“We need to have more transparency and the citizens of India deserve proper access to justice and legal transcription services are a very important addition that is needed in our judiciary,” says Amrish Kilachand while speaking at an event organised by Moneylife Foundation on the importance of legal transcriptions.
Mr Kilachand, a businessman by profession, had filed an intervention application in the Supreme Court to move the court to approve transcription services for all courtrooms in India, similar to what they have in Canada, the US, UK, Canada, Australia and other nations. The original petition, Mr Kilachand had joined as an intervenor, was filed by senior advocate Indira Jaising. Mr Kilachand was represented by Advocate Jamshed Mistry in the Supreme Court, who was also present for the session at Moneylife Foundation.
The event started with the presentation of two short videos, which showed how live steaming of court proceedings take place in Canada and more recently on a trial basis at Madurai in Tamil Nadu.
Using these videos, Adv Mistry explained how a live streaming of courtroom proceedings is truly seamless and to the point without any interruption from the recording systems.
During his talk, Adv Mistry explained how he was surprised to receive transcript of court proceedings from a Canada court. He said, “We had a two or three hour hearing and in the evening when I met my client, he suddenly pulled out a sheaf of papers. It turns out he had the order sheet and legal transcriptions of the entire proceedings of what had occurred in the court earlier in the day. Everything, including name, date and time.
Every single word was recorded. It is beautifully bound and given to you. There it was available in electronic form or in paper, and you can print it out if you wanted.”
Comparing this particular transcription to an ordinary copy of the order that you get in a court in India, Adv Mistry explained that in India we only get very basic details - “matter heard on so & so; order passed on so & so”.
“The stenographer in Indian courts takes down only what he or she has been told to take down and not the entire transcription of the case. The Judge reviews it and sometimes you get what you said or what you did not say at the end of the day,” he said.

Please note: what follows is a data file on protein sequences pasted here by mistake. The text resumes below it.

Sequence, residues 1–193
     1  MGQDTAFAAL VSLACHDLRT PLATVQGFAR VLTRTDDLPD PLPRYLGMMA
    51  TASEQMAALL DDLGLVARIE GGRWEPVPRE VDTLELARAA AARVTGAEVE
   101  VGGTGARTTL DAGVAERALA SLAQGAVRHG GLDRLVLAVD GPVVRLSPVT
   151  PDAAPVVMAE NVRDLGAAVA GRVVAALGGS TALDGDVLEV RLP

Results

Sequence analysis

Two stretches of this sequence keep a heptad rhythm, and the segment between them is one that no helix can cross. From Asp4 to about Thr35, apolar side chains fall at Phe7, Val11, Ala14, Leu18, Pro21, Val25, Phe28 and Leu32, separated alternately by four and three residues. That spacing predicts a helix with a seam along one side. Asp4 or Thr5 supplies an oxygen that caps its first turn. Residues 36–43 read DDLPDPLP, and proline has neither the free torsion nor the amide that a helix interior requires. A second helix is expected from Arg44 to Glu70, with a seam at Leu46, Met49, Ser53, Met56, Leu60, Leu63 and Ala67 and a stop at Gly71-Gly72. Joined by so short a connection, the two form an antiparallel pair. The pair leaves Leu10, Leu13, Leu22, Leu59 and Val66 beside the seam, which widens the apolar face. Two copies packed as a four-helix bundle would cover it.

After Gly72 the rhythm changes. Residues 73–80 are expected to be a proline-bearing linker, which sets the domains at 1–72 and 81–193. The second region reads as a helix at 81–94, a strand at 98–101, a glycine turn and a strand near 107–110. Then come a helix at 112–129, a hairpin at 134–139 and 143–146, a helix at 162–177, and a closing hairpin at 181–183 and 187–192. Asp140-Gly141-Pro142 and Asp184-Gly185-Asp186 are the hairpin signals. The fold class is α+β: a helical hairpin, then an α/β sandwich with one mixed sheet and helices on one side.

Furthermore as we file our appeals based on what the Judge has put forward, there is a lot of room for misinterpretation, he added.
Mr Kilachand has been a litigant in all manner of court cases for the past almost 22 years and has experienced legal proceedings from the lowest to the highest courts across several states as well as the Supreme Court in India. He explained that the legal system is completely clogged in India with people very rarely going through “final hearings, when everything is stopped by motions that themseleves take 10-15 years”.
Elaborating on the problem he explained, “You cannot blame the judges either, because in reality a judge has over 100-150 cases before him. To actually expect him to read this kind of paperwork and come prepared the next day is ridiculous. We also have a system where judges change frequently, so there is no continuity. Counsels also change all the time.”
It is very difficult to get justice when there such problems in the judicial system. Mr Kilachand presented legal transcriptions as one means to resolve these issues. The primary advantage a legal transcription provides is transparency; it also binds all the parties involved - the litigant, the lawyer and the judge, he added.
He says, “Everyone will have to careful in what they say when each and every word they say is being transcribed. You cannot come next day and say that I did not say this or that. It will inevitably clean up the whole system.”
Even the problem of frivolous litigation will disappear as it will put pressure on the lawyers and litigants when every word said in the courtroom is being recorded, he added.
In India we established court system of a plethora of judges, litigants, advocates, and witnesses appearing on a daily basis and expect that they all carry out their functions effectively while being well acquainted with the rules and regulations of the courtroom.
A video recording of court proceedings, can play a crucial role in creating awareness among everyone involved and would in turn regulate the behaviour of the masses in the profession. It would also undoubtedly benefit in increasing transparency in the judicial system, both Adv Mistry and Mr Kilachand opinioned.